Lucy had once heard a story about a young girl, quite like her, whose mouth had disappeared. One day
it was on her face, as usual, and the next: POOF! Gone. Obliterated. Never to be seen or heard from
again. There was another story about a girl whose eyeballs fell out, dangling from the socket by the thin
veins. She could still see, but it was rather cumbersome having to maneuver her eyes whilst they were
hanging from strands. Oh! And there was that girl woke up one morning and could only speak French.
Lucy had never been to France, and she wasn’t sure she would be able to fit in within her community
without speaking the common tongue. 
     Lucy didn’t know if there was any truth to these legends, or what the stories had to do with heart
transplants, or why all of them revolved around young girls, but she was too concerned with the matter at
hand to ask herself these questions. There were too many “maybes”, and she just didn’t have the time. 

      Lucy took a deep breath and steeled herself. Clutching onto the heart tightly, she stood up as tall as
she could, her newfound resolve making her seem bigger. 

      But now came the hardest part. Would her body accept the new heart? She had come this far into the
process, she at least had to try. Filling her lungs to maximum capacity, she readied herself for the process.
Lucy transferred the new heart to her left hand and reached across her body with her right, pushing it up
against her own flesh. She pushed and pushed until she felt her body receive the hand, it sliding in
underneath the skin as though pulled in by a vacuum. 

      The feeling of a hand searching around inside her chest was not unfamiliar to Lucy; the nurses at the
hospital had given her many Treatments that included such invasive measures. However, maneuvering
around her organs with her very own hand was a different feeling entirely. Lucy could feel the blood
pumping frantically through her veins, its consistency a bit too thin. She was made aware of the tendons
stretching and pulling against each other with each move she made. The whole process was best summed
up as “squishy”, and she was rather looking forward to getting it over with.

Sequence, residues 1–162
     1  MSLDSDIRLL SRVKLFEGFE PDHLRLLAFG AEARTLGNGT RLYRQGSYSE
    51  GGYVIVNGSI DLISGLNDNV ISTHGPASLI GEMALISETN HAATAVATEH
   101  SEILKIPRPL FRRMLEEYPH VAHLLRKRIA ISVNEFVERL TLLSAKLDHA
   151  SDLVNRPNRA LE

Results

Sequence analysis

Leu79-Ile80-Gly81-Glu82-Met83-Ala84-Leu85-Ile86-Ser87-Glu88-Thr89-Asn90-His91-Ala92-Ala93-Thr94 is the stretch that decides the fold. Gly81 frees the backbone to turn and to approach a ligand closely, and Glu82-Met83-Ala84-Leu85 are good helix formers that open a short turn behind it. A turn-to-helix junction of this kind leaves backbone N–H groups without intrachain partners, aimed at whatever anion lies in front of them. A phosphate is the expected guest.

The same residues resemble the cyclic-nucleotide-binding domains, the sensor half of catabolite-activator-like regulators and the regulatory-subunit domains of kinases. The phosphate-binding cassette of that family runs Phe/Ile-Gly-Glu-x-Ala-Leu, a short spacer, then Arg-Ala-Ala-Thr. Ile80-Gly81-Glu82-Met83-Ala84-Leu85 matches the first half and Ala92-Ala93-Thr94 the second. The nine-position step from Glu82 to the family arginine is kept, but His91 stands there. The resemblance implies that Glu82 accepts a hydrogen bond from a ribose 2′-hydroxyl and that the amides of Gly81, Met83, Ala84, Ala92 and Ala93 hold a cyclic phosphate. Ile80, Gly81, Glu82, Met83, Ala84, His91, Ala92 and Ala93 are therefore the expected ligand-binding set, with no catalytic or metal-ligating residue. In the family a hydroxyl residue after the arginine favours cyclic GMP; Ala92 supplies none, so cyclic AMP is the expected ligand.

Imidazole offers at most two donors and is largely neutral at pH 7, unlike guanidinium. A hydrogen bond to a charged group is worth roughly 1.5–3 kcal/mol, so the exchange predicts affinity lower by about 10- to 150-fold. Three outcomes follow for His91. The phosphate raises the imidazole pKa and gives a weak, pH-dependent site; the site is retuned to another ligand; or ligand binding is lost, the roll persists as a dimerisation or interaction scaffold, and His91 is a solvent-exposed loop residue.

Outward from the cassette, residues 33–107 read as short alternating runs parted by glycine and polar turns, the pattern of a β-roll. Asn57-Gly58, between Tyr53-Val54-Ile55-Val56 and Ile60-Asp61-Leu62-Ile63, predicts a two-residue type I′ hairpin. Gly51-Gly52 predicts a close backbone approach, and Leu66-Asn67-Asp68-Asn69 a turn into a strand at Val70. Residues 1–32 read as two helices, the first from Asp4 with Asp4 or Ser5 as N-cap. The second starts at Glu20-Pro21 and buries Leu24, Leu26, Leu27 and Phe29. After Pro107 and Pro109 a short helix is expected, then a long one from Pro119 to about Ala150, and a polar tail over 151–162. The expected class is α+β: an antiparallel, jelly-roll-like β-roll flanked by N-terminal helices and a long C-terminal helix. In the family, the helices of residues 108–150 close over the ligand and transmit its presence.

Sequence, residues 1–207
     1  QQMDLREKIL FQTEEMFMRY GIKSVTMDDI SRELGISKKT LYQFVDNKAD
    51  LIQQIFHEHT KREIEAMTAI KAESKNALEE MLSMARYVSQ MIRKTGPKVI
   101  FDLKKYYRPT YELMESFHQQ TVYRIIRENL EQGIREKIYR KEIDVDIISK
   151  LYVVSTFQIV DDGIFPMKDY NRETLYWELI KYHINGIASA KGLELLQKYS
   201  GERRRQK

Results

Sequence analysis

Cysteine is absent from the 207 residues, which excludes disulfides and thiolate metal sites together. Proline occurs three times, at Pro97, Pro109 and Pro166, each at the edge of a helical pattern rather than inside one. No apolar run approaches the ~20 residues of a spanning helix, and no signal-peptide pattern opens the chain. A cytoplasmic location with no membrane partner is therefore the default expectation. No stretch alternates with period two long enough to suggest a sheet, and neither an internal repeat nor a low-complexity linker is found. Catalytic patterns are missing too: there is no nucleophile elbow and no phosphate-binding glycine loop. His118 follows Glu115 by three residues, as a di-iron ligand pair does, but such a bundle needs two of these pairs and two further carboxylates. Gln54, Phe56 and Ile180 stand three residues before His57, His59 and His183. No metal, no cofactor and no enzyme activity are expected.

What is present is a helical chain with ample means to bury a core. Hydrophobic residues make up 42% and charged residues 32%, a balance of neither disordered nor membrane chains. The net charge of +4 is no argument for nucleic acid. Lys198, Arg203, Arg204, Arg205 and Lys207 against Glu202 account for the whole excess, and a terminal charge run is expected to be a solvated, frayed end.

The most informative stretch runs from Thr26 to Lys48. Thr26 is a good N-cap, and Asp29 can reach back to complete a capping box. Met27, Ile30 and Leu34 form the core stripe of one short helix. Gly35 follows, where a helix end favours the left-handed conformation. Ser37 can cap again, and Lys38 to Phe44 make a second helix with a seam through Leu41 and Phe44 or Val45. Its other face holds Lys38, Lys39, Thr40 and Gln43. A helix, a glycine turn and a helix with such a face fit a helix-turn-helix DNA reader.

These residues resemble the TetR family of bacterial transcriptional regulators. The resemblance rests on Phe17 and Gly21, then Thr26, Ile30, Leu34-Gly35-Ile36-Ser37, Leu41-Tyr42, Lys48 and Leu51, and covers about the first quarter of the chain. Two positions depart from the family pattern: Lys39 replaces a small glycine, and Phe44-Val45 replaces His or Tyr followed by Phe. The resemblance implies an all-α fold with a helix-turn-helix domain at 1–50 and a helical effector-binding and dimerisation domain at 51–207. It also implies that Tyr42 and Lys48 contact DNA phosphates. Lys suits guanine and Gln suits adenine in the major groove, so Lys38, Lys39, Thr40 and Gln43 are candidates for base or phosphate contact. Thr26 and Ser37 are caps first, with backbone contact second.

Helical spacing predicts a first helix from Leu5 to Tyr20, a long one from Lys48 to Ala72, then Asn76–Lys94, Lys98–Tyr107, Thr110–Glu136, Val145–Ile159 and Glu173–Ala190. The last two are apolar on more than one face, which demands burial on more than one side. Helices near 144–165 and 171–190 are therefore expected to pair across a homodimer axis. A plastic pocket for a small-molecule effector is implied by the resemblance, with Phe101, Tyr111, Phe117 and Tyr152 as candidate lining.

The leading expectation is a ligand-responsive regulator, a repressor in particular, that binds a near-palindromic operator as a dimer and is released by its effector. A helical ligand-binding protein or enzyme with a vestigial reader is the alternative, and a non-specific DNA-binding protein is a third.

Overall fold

After a bit of fumbling around inside her body, she finally found what she was looking for. Her tiny
fingers slipped into the opening of the pulmonary artery and latched unto the diseased atrium. Taking one
last deep breath, Lucy gripped onto her old heart and pulled. 

       It came out with a POP , not really hurting at all. She had anticipated it to be a very painful process,
but what she felt at the moment was more of a slight discomfort. Nothing to complain about. She stared at
the organ in her hands. It was a brownish color, with hints of gray. Each vein was blue from the sudden
lack of oxygen, and the entire thing wheezed and sighed, as if giving out a dying breath. With an equal
parts fascinated and disgusted look at the sickly, brown heart, she set it lightly on the ground beside her
backpack (just in case she needed it again). Shifting the found heart back to her right hand, she again
squished it against her chest, pressing so hard that for a second she feared it might burst. 

     Maybe it won’t be a successful transplant... Lucy thought disappointedly. Just as she was about to give
up, however, the heart slipped its way into her body and locked into place with a sharp CLICK. After a
brief period of readjustment, Lucy could feel the heart begin to beat inside of her body, much faster and
stronger than her old one ever had. She smiled, a small thing gracing her elfish face that was more about
disbelief than true happiness. 

      She bent down, grabbed her old heart, and threw it in her backpack to dispose of later. Lucy didn’t
know how exactly she would get rid of it, but she was sure she would think of something. After all, she